I had the honor of leading a tour of Capitol Hill yesterday, focusing on the African American experience during the Civil War here. It gave me the opportunity to research a lot of different people and places that I previously had only known a little about. Today, I want to look at the man whose name graced the Emancipation Day Celebrations at the Hill Center over the last five days: Benjamin Drummond.
While the Army did not begin officially accepting African American soldiers until 1863, and was not properly integrated until 1948, the Navy was far more open in this regard. One of those who enlisted early on in the war was Benjamin Drummond. Born in New York, he grew up in Massachusetts and it was from there that he joined the Navy in 1861.
The following year, after having served on a number of other ships, Drummond was assigned to the USS Morning Light, an eight-gun ship built in Philadelphia. The ship was mainly detailed to the Gulf o of Mexico, and Drummond participated in the blockade of numerous ports, as well as the destruction of salt works in Texas.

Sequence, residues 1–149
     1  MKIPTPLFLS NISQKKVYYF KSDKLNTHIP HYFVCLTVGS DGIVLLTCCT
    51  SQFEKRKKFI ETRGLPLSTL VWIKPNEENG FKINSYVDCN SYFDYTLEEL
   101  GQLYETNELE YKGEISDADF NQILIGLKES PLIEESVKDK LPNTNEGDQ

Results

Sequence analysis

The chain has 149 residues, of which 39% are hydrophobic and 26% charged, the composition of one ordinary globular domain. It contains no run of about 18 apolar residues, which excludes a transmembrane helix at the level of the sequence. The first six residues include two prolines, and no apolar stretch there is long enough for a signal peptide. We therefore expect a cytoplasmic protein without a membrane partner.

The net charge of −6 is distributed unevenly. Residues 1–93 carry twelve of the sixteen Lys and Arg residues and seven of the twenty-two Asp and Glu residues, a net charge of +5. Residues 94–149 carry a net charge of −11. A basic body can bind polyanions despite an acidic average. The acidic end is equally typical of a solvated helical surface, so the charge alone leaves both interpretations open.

In January, 1863, the ship was sent to Sabine Pass, the outlet of the Sabine Lake into the Gulf of Mexico, on the border between Texas and Louisiana. Two lightly armored Confederate ships steam ships – so-called “cotton-clads” – attacked, destroying the Morning Light and capturing its fellow ship, the USS Velocity, as well as all the sailors on both ships.
Drummond was injured in the legs during this attack and found himself in Confederate captivity. He managed to escape after seven months, making his way onto a boat that was intercepted by the USS Katahdin, which had been sent to the area to reinforce the blockade. Drummond was brought to New Orleans and a hospital there.
A little over a year later, Drummond re-enlisted in the Navy, and served out the rest of the war. He remained in the Navy thereafter, but September 1866, while working at the Washington Navy Yard, one of the wounds he had received during the capture of the Morning Light reopened, and on October 1, he was admitted into the brand-new Naval Hospital – the first patient to be thus received.
Drummond’s wound remained stubbornly open and he was finally discharged from the Navy and the hospital on March 23, 1868, having been given a 50% disability. This was enough for him to apply for and receive a pension four years later, though Drummond continued to work – the $4 the government gave him as a pension was clearly not enough to live on.
Drummond died in New York City 12 years later, though not apparently from his wound: the cause of death on his death certificate indicates that it was an inflammation of his kidneys that did him in. He left behind his wife of 20 years, Laura Berkely Drummond, and a son, Benjamin W. Drummond.